http://cable-railing.us/home/stairs-a-jaw/ http://thearbitrarium.com/?et_core_page_resource=et-core-unified-cached-inline-styles5284 ZEE TV Airs Episode 4 of “America’s Smartest Family”
http://bioresourcedevelopment.com/KXWXZ/ The New Game Show Series is the First-Ever English-Language Quiz Show of its Kind
thuoc aricept 5mg On this week’s historic episode of “America’s Smartest Family,” four new sets of teams faced off for the title of “America’s Smartest Family.” The new television game show series, airing exclusively on ZEE TV, is the first-ever English-language quiz show of its kind, putting some of the brightest South Asian families from across the globe on television for a chance to win a $10,000 cash prize.
After initial eliminations, 16 finalists were selected to compete for the crown. The Dash family of Buffalo Grove, Illinois; the Sachar family of Glen Rock, New Jersey; the Sachdev family of Cary, North Carolina; and the Agarwal family of Upper Saddle River, New Jersey, were the next set of teams to appear on episode four of “America’s Smartest Family.”
Round one was off to a promising start, with the first two teams – the Sachdev family and the Dash family – confidently gracing through their questions and clinching 100 points each. But the Agarwals and the Sachars struggled to earn points on the scoreboard by the end of the first round. After all was said and done, the Sachdev and the Dash families took an early lead, but the game was still too early to call.
The pressure was on for the Agarwals, who kicked-off round two. Sonia, the Agarwal matriarch, appeared confident in her calculation for host Zaid Ali, but failed to answer her math question correctly. The Sachars mirrored the Agarwals struggles, with 13-year-old Harnoor similarly appearing confident, but missing the mark with her team’s history question. By contrast, both the Sachdev family and the Dash family maintained their tie for first place, easily earning yet another 100 points each.
In rounds three and four – the buzzer rounds – each correct answer is worth 200 points, and an incorrect answer docks 100 points from the team score. It was the faster pace of round three that would change the tone of the game and begin to set apart the fiercest competitors. By the end of the third round, the Dash family proved that they were the team to beat, dashing to first place with a strong 700 points. The Sachdev family lost crucial points for wrong answers, but trailed behind in second place with 400 points. The Agarwals came in at third with 200 points, while the Sachars were still struggling earn points on the scoreboard.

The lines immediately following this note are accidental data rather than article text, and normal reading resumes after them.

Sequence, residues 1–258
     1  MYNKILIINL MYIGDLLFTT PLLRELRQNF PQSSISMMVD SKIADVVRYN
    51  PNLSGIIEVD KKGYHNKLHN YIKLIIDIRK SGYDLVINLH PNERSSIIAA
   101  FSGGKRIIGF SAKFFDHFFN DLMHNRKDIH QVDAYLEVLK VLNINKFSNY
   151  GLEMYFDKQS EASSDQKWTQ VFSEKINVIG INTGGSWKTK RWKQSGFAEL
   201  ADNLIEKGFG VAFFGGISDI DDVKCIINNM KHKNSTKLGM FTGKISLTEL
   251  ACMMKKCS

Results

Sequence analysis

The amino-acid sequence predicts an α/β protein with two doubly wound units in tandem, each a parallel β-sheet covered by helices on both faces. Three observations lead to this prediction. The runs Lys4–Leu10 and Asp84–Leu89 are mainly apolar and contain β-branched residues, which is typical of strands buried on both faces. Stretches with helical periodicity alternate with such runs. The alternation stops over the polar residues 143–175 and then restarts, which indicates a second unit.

In momentum with the previous round, round four continue to pave the way for the Dash family, who maintained their lead. Thirteen-year-old Anmol, an aspiring attorney, kicked-off round four with a bang, impressively answering a whopping seven out of eight questions with such ease, he did not even need to consult with his team before giving Zaid Ali the right answer.
Amnol, the real MVP, thrusted the Dash family to a comfortable first place lead, which was already wide enough to secure the team a spot in the semi-finals – regardless of how they did round five. The quick thinking teen single-handedly made “America’s Smartest Family” history, paving the way for the Dashes to hit the 2,000 point mark by the end of round four – a feat no other team in the show’s history was able to achieve. The Agarwals made a modest comeback, clinching second place with 600 points. The Sachdev family trailed behind, coming in third with 400 points, while the Sachars finished the fourth round with 200 points.
Although the Dash family had already dashed their way to the semi-finals, one other team would also advance. And if there is one thing “America’s Smartest Family” fans have learned from watching the show – it is that the fifth and final round – the “make or break” round – that can shake anything up. During this round, the show takes a Jeopardy-like turn with the host spicing things up by offering clues. If the team answers correctly without a clue, a maximum of 1,000 points is awarded. If the one hint is used, 800 points are awarded; and if two hints are used, 600 points are added to the score.
It was yet another swing and a miss for the Sachars, who could not give an answer in time, eliminating the family from the semi-finals. And with one less team to worry about, the pressure was on for the Agarwals and the Sachdevs, who were neck-in-neck for second place.
The Sachdevs did not fold under pressure. The team earned 800 points after answering their history question with just one hint. They threw the ball back into the Agarwals’ court, but their effort was simply not enough. The Agarwals nailed their question without any hints, earning the maximum of 1,000 points and securing their spot in the semi-finals. They will face their fierce competitors – the Dash family – in episode 8, which airs on Saturday, April 14.
In the meantime, tune in next week on Saturday, March 24, to see the next four teams compete for the title of “America’s Smartest Family.” The series airs exclusively on ZEE TV at 9:00 p.m. EST; 9:30 p.m. PST; and 9:00 p.m. AST.